Ghana Airways

Former Ghanaian president, John Agyekum Kufuor has broken his silence on the reasons that led to the collapse of the country’s then national carrier, Ghana Airways.

Ghana AirwaysSpeaking to a group of journalists and Origin8, an advertising company last week in his residence, the former president said the company was in debt to the tune of over 160 million United States Dollars in addition to overstaffing in the early days of his administration.

He recounts the state of the national airline when he took over as president on January 7, 2001.

“It wasn’t a happy one because the main carrier, Ghana airways was in a very bad state. It was over-laden with debt and the government that had taken the Highly Indebted Poor Country (HIPC) initiative found out that Ghana Airways was laden with over 160 million dollars of debt. We didn’t have the money to pay off and to restructure the airline to carry.

It wasn’t in a good state and then the company suffered over employment. There were so many staff of Ghana airways, a company that wasn’t making profits and heavy debts still wanted to be sustained by the state, we just couldn’t do it.

What the state did was to absorb the debt but to say that Ghana Airways should be restructured altogether and perhaps even divested so the state, the people of Ghana could be serviced by some airline because Ghanaians travel. So that was the state we found Ghana Airways,” he said.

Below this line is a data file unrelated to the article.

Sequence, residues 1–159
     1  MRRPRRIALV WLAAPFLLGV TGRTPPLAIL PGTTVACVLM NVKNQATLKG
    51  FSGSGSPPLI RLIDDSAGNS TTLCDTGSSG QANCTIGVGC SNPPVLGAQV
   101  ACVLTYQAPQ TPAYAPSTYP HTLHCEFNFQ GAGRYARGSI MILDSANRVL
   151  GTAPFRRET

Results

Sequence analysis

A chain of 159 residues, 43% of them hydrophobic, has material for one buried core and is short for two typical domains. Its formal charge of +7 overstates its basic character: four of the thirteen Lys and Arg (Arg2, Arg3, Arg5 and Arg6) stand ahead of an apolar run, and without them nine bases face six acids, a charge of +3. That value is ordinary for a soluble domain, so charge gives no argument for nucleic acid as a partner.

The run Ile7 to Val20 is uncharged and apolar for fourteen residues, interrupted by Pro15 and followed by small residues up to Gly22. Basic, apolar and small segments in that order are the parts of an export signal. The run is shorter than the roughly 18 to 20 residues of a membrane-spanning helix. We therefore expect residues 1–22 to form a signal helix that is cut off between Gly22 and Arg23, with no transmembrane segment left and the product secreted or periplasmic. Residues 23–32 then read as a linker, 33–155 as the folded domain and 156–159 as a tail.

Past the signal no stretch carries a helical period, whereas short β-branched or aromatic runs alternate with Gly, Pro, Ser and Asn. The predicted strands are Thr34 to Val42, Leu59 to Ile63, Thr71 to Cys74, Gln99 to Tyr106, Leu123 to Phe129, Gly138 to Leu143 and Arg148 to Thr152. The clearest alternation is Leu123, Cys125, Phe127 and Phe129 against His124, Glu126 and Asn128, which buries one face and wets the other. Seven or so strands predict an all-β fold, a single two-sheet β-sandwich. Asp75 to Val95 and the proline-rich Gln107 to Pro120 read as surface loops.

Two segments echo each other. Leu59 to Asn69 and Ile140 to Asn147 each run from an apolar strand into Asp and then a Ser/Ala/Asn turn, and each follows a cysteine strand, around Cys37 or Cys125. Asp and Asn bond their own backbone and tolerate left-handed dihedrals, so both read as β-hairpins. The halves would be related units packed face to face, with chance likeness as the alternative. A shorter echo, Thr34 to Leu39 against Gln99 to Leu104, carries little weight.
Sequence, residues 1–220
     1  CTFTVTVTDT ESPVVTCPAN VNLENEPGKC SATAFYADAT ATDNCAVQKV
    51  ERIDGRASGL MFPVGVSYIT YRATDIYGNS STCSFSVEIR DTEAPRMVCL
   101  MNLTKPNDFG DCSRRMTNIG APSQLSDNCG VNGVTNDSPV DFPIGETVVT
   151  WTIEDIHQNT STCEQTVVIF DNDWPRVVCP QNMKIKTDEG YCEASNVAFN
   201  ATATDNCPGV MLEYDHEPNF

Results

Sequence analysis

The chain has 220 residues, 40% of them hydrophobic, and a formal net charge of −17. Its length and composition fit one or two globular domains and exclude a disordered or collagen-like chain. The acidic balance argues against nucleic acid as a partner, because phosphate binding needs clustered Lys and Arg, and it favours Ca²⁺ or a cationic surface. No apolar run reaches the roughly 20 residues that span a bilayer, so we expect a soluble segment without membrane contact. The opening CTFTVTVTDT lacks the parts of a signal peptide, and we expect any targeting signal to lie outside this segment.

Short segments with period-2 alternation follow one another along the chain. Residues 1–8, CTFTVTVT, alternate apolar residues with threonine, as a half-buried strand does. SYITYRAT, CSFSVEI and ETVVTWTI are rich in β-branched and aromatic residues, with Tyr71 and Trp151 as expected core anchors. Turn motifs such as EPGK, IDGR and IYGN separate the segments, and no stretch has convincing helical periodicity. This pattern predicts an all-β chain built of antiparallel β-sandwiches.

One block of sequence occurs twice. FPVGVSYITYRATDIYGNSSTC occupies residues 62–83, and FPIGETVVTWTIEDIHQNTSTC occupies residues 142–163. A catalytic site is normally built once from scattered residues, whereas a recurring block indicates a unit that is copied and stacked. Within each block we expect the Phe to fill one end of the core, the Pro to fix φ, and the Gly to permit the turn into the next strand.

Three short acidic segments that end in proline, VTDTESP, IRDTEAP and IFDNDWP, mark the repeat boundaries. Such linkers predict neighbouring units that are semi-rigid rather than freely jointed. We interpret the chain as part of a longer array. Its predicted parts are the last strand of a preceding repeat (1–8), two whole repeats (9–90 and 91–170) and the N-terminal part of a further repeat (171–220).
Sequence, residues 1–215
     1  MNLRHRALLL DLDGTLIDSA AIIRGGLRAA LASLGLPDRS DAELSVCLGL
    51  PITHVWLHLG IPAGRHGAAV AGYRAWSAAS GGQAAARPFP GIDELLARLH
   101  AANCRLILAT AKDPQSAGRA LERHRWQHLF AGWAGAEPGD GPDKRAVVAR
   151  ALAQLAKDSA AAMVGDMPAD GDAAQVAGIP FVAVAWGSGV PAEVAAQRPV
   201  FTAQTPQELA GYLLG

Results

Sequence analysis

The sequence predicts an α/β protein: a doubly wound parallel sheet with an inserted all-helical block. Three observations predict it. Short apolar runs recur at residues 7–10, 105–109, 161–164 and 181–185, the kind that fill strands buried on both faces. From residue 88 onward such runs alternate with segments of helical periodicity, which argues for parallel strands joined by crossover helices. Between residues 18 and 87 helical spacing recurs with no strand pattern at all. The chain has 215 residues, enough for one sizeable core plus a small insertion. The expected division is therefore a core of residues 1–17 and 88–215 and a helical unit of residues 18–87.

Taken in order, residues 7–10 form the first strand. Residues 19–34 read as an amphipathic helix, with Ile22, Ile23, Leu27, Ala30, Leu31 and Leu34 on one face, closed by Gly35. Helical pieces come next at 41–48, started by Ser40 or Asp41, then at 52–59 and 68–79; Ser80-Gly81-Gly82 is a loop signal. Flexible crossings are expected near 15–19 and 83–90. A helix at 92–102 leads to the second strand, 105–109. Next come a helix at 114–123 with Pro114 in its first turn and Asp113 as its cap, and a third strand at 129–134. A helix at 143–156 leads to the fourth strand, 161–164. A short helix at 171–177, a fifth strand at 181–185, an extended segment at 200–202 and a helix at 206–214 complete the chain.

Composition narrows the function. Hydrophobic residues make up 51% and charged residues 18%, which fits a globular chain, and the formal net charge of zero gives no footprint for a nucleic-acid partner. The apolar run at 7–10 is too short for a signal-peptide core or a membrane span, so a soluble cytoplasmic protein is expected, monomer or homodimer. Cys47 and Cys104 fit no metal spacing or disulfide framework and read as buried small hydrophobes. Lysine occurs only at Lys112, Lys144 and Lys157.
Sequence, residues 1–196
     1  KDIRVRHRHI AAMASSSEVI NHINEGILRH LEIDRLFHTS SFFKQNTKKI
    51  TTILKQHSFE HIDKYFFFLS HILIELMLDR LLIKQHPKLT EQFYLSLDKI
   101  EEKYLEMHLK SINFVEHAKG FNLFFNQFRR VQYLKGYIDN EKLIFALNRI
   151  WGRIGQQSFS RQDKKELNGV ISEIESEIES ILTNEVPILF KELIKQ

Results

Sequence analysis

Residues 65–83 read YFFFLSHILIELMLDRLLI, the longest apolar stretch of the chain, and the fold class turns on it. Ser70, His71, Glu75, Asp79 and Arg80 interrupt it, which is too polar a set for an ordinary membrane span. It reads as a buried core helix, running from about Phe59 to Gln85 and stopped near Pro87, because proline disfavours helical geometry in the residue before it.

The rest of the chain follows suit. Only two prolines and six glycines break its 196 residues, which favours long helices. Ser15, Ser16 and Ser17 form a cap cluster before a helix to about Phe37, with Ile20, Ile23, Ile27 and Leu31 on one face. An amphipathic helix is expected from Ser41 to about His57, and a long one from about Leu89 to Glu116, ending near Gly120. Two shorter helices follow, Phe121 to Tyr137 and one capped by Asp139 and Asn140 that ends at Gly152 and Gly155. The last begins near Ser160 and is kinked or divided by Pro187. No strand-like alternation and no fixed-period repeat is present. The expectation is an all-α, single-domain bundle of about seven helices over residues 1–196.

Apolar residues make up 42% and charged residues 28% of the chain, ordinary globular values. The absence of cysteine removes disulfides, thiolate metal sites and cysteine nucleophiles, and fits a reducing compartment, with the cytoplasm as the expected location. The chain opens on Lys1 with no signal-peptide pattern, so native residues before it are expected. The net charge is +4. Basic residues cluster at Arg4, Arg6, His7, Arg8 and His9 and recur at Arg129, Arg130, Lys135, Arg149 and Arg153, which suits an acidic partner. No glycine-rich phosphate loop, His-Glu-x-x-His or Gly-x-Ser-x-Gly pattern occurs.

President Kufuor observed it was unfortunate for some section of the Ghanaian public to attribute the collapse of the once vibrant Ghana Airways to the New Patriotic Party (NPP) government at the time as they met what he described as “a very sick” company.

He observed, “Government did a thorough study and I believe the documents and reports are there. Anybody who would want to go and see the causes for the collapse of Ghana Airways, it wasn’t my government that caused it. It was a very sick company when we took over.”

Ghana Airways was founded on July 4, 1958 by the government of Ghana with startup capital of ₤400,000.

It officially commenced operations on July 15, 1958.

The problems leading to the collapse of the company began in March 1999 after it had a cooperation agreement with South African Airways but was run down by debts and legal disputes.

The defunct Ghana International Airlines (GIA) took over from Ghana Airways in 2004 as a national airline in a partnership between the government of Ghana and a group of private international investors.

The GIA also collapsed by 2010 and finally ceased operations in December 2015.

Since then, the Ghana government has been trying to get a national airline for the West African country.

Source: Francis Tandoh/NewsGhana.com.gh